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Using stable hydrogen isotopes (delta H-2) and ring recoveries to trace natal origins in a Eurasian passerine with a migratory divide

  • Petr Prochazka
  • Steven L. Van Wilgenburg
  • Julio Neto
  • Reuven Yosef
  • Keith A. Hobson
Publishing year: 2013
Language: English
Pages: 541-550
Publication/Series: Journal of Avian Biology
Volume: 44
Issue: 6
Document type: Journal article
Publisher: Federation of European Neuroscience Societies and Blackwell Publishing Ltd

Abstract english

Despite recent advances in technology, it remains difficult to connect breeding and non-breeding areas of populations of migratory organisms due to the challenges of year-round tracking. Here, we used the Eurasian reed warbler Acrocephalus scirpaceus, a passerine with a pronounced migratory divide to demonstrate the promise of integrating several sources of information within the Bayesian modelling framework for the study of migratory connectivity. To this end, we combined data from stable hydrogen isotope ratios (H-2) of feathers, ring recoveries, and the geographic delineation of sub-populations on either side of the migratory divide. Feather H-2 measurements from local juvenile birds sampled across the breeding range tightly correlated with amount-weighted mean annual precipitation H-2 values predicted for the natal sites. Predicted natal origins of birds intercepted en route in the Mediterranean region largely differed among the five stopover sites. Thanks to the different migratory pathways used by different breeding populations and the existence of a migratory divide, we were able to effectively narrow the assigned regions of origin. Our results show that spatial resolution of likelihood-based assignments of geographic origins based on H-2 measurements may improve significantly when prior probabilities derived from population-specific migratory directions are included. Integrating information from stable isotopes, ring recoveries, geolocators and other sources within the Bayesian modelling framework will provide an extremely useful toolbox for the study of animal movements in the future.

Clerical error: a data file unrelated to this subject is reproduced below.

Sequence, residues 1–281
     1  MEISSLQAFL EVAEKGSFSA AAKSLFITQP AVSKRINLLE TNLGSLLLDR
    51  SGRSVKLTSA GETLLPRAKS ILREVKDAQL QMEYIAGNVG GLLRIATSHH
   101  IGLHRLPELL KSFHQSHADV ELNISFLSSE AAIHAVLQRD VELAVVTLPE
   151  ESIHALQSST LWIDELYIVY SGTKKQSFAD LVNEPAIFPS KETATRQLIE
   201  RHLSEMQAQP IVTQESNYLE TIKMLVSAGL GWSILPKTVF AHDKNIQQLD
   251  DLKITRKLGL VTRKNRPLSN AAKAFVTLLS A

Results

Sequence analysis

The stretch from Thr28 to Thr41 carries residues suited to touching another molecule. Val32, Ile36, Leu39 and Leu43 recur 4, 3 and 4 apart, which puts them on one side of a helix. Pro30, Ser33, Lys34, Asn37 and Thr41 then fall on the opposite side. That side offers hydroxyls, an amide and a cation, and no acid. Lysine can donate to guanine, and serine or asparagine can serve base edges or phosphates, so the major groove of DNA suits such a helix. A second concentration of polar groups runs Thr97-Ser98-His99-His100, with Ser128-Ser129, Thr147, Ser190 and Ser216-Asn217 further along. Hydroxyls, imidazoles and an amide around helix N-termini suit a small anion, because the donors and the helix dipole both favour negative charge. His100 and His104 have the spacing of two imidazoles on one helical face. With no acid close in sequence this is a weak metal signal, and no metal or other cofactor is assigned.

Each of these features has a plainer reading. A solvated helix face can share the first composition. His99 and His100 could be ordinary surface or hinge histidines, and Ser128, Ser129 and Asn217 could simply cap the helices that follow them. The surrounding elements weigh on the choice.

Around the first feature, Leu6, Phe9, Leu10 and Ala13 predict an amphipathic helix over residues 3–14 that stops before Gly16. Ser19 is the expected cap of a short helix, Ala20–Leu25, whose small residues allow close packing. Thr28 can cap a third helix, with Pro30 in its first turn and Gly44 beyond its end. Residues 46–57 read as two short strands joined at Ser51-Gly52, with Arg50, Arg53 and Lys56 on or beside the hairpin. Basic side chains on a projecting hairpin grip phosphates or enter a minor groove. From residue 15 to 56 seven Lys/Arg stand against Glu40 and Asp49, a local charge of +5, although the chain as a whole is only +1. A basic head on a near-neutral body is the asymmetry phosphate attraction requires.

• Biological Sciences


  • Molecular Ecology and Evolution Lab
  • ISSN: 0908-8857
Júlio Neto
E-mail: julio [dot] neto [at] biol [dot] lu [dot] se

Visiting research fellow



Sölvegatan 37, Lund


Research group

Molecular Ecology and Evolution Lab